LBB> The copywriting is one of the elements that truly makes this spot stand out. What was the inspiration for this spot and what were some of the initial ideas you had? 

Ger> After we presented the campaign idea, I think we showed up with 10 to 12 different routes, all of them working off the new personality we wanted to create for the brand. We tend to be pretty hard on ourselves. It’s fair to say some of the work we presented made our clients a touch uncomfortable but they always ask us to push them further. We spent a long time talking around the routes with Mark, Jim, Ursula, and Dan. We ended up skinning our story a number of different ways, but we kept coming back to the idea of people ‘opening up about things that they had been bitter about in the past, but supposedly they were much better now.’

Inspiration wise, I guess it’s different for the three of us. One bit that I personally love, and we quoted to our directors in their brief, was the boat scene late at night from Spielberg’s ‘JAWS’. It’s where the trio of Dreyfus, Shaw and Schneider start opening up over a few beers. They start sharing stories of shark encounters and showing off their respective scars. Robert Shaw starts off, “I was on the Indianapolis dropping off the Hiroshima bomb. Two torpedoes slammed into our hull. Fourteen hundred men went in the water”... So, he shows his scar from a Tiger shark. Dreyfus pipes in and says “I’ve got that beat” he follows with his own admission - another shark attack, another scar.  And around they go. (One moment in that scene which most people often miss is that after witnessing some pretty sizeable shark scars, Roy Schneider pulls up his top and takes a quick look at his little appendix scar and decides against bringing it up. It always cracks me up).

It was about opening up and sharing some emotional experiences from the past around people you might not know all that well. It was played so naturally and unforced in the film. It was intimate, emotional and funny all at the same time. When you watch that scene you feel like you are sitting amongst them. We wanted people to feel like they were in the pub and witnessing, laughing and almost shocked by some of these admissions.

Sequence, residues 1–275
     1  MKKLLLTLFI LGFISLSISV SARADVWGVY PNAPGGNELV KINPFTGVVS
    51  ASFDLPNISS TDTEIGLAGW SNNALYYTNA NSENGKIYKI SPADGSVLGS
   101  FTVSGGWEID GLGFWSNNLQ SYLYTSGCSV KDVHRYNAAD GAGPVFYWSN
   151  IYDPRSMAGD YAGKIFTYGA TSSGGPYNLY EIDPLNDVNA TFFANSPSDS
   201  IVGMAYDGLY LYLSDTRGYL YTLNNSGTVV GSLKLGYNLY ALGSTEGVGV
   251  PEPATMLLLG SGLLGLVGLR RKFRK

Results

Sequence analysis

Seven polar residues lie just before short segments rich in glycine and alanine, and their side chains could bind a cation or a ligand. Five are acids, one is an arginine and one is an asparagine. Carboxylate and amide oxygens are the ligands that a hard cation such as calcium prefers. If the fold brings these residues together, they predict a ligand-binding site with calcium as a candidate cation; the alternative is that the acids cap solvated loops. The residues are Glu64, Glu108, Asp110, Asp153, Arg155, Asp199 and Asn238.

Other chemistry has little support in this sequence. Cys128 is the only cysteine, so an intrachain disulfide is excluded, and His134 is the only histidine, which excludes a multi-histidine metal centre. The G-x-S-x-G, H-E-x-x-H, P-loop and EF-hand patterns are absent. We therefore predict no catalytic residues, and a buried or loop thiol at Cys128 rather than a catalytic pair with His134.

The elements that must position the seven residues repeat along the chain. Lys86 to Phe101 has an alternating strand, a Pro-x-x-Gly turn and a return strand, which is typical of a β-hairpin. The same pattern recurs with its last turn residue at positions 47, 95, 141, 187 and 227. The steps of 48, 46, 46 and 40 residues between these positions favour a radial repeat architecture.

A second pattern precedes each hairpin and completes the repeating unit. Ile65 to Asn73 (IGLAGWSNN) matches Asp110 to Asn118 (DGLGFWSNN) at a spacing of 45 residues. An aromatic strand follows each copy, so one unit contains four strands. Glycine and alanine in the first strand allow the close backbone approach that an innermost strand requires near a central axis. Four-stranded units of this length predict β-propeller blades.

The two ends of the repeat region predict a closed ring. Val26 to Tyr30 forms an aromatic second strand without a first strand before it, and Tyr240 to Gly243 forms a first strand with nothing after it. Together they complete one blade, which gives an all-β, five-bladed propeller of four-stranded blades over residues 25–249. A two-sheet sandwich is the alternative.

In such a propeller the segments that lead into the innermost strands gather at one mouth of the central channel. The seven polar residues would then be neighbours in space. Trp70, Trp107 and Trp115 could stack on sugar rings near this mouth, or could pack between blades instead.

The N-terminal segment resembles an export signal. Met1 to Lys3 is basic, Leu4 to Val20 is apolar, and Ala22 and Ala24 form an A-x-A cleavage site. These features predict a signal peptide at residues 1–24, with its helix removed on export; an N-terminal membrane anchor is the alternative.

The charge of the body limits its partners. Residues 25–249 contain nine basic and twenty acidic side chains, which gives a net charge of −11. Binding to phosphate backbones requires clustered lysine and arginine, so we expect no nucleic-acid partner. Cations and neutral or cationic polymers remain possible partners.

LBB> Publicis Dublin chose to lean into a core product truth in this spot, which is that Island's Edge is a less bitter tasting stout. How did you go about playing on the word ‘bitter’ for this campaign? Was it important to showcase the brand’s personality in the copy?

Ger> The product truth was identified early in conversations with the master brewer PJ, but that is only half the story. We had a number of potential product truths on the table but wanted to make sure the one we chose was what our strategy team called ‘The defendable why’. Some drinkers of the competition can be a touch arrogant about their choice of stout and had no problem challenging our drinkers’ choice. So we wanted our consumers to have a definitive reason for their brand call and if questioned, not only was it a real and discerning reason to choose us in regards to taste but it also repositioned anyone opposing the choice as possibly being, well, a bit bitter themselves. I think the bigger point is that we believe there is room for another stout brand in Ireland – because let’s face it, life is pretty dull without variety!

Regarding the personality, again Irish people tend to be pretty good fun. I’m completely biased of course, but I would say we’re fecking great craic. We felt being the opposite to bitter was an area we could own. Most of the creative coming from our competitor of late tends to be somewhat lofty. The guys at Island's Edge take the business of brewing a fantastic stout seriously, but they want the business of advertising to be way more entertaining.

LBB> How did you come up with those 'bitter' scenarios - to what extent did you and the team draw from personal experience, and what 'bitter' scenarios didn't make the cut?

Ger> Writing wise, I work with two legends - Paul and Pete. Once we had a skeleton script, I think we ended up writing about 181 different lines for a massive cast that we couldn’t afford. We completely over-wrote the entire piece. We set up a sort of war room with heaps of different characters and lines all up on the wall. The entire brand team would pop in and laugh and comment on all the different lines/gags as we went.

I suppose we all got a little too close on WhatsApp. We added Niamh Skelly (our head of production) to the group and I think she really hated us by the end of it because of the amount of terrible gags being sent to each other literally on an hourly basis. This led to us presenting several versions of the script to the lads (our clients). All of our scripts were way too long and we had way too many gags. So as a tighter agency and client team, we ended up debating the best lines. As I said, the lads are really good judges of creative, so it never felt like they were trying to kill the good stuff. They were doing the opposite and throwing in a few gems of their own in.